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— By BRADLY GILL

Staff writer

According to Arkansas Advanced Energy Association, Arkansas has recorded the largest annual increase in the number of net metering systems ever, adding to recent reports of strong growth within the state’s solar economic sector.

Recently the Ouachita County and the city of Camden have taken steps to enter into an agreement with Scenic Hill Solar, LLC to construct a solar farm and purchase power from the farm.

Ouachita County Judge Robert McAdoo said the farm would allow $2.2 million in savings for Ouachita County, a $4.7 million savings for our hospital, a $6.7 million of savings for the water-treatment plant, and then about $2.5 million savings for the city.

Camden Mayor Julian Lott said, “We were put in a position where Entergy wanted to enter in and give a bidding, but they’re not particularly ready at this time. We went with Scenic Hill. We started out with a 28 year plan, the 28 year plan is now down to 20. The city of Camden as well as Camden Water and Utilities have already signed the agreement. We also have the option to buy out and two additional options to renew.

“We will be reducing electricity prices, we have a long-term hedge against future electricity prices because we have a set rate, so we can set our budget knowing just about what it’s going to cost each year and the accomplishment of their sustainability we can have some goals we can set and we can reach those goals a little bit better.

“The water utility uses lots and lots and lots of electricity, so that is going to be really important to help us with savings and those savings can be poured back into the community.”

Scenic Hills website states, “In December 2017, Scenic Hill Solar completed construction on a 6.5 megawatt solar power plant in Clarksville, Arkansas.

The solar power plant is the largest solar power plant for a municipal utility in Arkansas, and supplies about 25% of the utility’s residential load.

Over 30 years, the power plant will produce over 306,000,000 kWh. The environmental impact is equivalent to:

• Removing over 540,000,000 miles driven by an average passenger vehicle

• Planting over 5.7 million trees

Bill Halter, CEO of Scenic Hill Solar, has led business and government organizations in Arkansas and Washington, DC having served as Lieutenant Governor of Arkansas, Chief Operating Officer of the Social Security Administration, in the White House Budget Office, as a Trustee of Stanford University and on the Board of Directors of twelve technology companies (five of which were public companies with a market capitalization of over $20 billion).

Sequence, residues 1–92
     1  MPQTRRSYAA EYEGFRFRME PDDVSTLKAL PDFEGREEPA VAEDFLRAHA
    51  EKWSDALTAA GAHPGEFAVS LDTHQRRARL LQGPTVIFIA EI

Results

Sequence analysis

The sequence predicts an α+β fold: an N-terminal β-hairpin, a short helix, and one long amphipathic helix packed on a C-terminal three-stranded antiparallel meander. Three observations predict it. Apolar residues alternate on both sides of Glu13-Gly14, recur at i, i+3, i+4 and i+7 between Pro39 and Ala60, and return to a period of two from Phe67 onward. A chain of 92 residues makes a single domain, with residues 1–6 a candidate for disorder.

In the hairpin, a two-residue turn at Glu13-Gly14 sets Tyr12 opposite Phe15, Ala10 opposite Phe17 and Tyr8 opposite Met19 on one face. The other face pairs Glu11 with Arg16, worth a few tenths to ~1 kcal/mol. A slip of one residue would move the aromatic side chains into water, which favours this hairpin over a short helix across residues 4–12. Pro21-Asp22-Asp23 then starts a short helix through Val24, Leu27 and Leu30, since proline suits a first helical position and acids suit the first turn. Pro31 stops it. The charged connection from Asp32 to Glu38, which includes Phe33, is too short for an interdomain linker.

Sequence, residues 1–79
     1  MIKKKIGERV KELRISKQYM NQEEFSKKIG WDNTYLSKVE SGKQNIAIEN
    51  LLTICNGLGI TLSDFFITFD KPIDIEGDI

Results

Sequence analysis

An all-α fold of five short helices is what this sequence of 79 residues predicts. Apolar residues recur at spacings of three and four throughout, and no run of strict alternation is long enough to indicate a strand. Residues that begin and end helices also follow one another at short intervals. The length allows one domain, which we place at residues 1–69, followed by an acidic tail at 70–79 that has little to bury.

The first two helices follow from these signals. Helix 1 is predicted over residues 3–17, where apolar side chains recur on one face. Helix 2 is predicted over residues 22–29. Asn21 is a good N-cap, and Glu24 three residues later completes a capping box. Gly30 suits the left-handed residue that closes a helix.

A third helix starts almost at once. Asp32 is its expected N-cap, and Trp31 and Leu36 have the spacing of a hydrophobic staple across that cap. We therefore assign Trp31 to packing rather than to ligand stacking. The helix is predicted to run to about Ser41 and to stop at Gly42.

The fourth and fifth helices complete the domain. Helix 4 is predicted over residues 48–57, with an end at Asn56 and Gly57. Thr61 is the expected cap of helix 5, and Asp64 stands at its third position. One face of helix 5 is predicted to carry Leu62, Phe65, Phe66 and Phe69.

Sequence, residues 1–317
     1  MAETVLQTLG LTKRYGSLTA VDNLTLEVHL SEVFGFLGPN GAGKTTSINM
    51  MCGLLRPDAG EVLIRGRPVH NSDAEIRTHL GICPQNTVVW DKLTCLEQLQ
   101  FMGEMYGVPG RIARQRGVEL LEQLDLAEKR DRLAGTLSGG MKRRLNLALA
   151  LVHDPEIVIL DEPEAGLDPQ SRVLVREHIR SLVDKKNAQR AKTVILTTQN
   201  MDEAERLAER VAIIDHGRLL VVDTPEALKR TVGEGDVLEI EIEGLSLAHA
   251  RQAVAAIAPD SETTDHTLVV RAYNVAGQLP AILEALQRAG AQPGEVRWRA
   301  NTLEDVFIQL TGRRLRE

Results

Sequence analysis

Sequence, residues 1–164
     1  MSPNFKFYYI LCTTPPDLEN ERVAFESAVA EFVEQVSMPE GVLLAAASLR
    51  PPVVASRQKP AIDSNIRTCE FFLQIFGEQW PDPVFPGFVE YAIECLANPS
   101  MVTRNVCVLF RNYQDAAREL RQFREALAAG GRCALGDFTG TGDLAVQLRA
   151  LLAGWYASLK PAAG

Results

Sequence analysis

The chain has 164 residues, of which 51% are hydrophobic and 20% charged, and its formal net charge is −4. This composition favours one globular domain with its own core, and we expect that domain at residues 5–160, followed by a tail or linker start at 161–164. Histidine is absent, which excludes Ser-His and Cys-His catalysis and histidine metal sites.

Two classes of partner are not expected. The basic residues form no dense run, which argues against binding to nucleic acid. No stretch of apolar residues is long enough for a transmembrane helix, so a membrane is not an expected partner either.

Southern Arkansas University Tech (SAU Tech) is collaborating with Today’s Power Inc. (TPI) to build a 1-megawatt solar facility that will provide approximately 70 percent of the College’s electrical energy needs.

This 10-acre project is a single-axis tracking technology of approximately 3,344 panels will be located near Holly Springs, AR and should be sustainable for 20 to 25 years, providing a fixed price for a portion of electricity during this time span. The savings from the project will be used by SAU Tech to continue to grow the College and support its students.

Arkansas Electric Community Co op Array.

The 12 megawatt (AC) array is located in the Highland Industrial Park and is owned and operated by Silicon Ranch Corp which constructed the solar field. Aerojet Rocketdyne will purchase the solar power for its 1,200 acre East Camden facility.

The solar plant was completed in late 2015 and is capable of generating enough electricity to power the equivalent of 2,400 single family homes. Excess solar energy is released to AECC and dispatched to the wholesale power market.

One reason solar power is such an attractive alternative in Arkansas is net metering. Net metering is a system in which solar panels or other renewable energy generators are connected to a public-utility power grid and surplus power is transferred onto the grid, allowing customers to offset the cost of power drawn from the utility.

The net excess of power generated by the customer is applied as a credit to the next month’s bill; any excess remaining at the end of a 12-month billing cycle reverts to the utility company.

AAEA’s review of annual electric utility filings with the Arkansas Public Service Commission found a total of 1,508 net metering systems as of Dec. 31, 2018, a 520-net increase over the end-of-2017 number of 988 systems.

Most systems are solar, with a few solar-wind and wind-only systems.

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